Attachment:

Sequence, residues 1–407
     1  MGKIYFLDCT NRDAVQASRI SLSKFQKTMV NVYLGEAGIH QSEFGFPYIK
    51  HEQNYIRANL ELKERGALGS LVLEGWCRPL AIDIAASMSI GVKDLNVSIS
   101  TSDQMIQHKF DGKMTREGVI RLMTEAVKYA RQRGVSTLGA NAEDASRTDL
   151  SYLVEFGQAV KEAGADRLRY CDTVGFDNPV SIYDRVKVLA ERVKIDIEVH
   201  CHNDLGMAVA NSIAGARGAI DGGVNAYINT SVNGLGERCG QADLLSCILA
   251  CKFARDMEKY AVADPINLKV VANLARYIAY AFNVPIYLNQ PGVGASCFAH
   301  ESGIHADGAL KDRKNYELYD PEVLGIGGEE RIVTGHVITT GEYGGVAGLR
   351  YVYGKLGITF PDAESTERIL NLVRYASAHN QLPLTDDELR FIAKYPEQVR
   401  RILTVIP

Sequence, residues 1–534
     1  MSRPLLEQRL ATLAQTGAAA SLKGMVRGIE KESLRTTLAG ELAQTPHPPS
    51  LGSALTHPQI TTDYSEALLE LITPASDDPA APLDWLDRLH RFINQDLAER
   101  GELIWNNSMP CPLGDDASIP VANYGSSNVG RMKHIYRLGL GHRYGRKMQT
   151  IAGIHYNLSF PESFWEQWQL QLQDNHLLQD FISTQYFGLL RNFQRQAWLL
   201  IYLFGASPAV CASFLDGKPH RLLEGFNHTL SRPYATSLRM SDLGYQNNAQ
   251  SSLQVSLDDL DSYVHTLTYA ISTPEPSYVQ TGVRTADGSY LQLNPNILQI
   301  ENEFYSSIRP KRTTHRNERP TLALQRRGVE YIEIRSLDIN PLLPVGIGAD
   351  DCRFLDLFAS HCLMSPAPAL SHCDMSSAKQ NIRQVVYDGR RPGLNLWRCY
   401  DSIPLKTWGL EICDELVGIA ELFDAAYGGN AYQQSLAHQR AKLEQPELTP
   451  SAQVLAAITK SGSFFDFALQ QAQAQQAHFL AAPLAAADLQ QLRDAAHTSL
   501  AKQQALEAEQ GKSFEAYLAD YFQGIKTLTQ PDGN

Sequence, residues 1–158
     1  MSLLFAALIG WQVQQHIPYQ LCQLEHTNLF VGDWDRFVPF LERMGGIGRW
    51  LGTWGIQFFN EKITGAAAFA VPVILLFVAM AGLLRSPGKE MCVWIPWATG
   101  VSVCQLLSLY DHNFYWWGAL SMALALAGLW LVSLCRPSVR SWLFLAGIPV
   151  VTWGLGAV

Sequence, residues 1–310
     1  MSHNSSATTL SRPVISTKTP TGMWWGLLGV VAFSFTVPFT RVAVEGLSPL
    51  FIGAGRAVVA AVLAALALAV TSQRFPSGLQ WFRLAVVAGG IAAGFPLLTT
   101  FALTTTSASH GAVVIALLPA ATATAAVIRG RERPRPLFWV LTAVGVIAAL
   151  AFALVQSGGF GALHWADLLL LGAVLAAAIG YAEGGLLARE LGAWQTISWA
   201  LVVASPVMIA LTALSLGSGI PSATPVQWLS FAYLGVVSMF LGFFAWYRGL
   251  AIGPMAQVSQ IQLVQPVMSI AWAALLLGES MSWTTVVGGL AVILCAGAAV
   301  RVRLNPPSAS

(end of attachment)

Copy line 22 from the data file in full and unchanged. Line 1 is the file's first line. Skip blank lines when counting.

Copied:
   501  AKQQALEAEQ GKSFEAYLAD YFQGIKTLTQ PDGN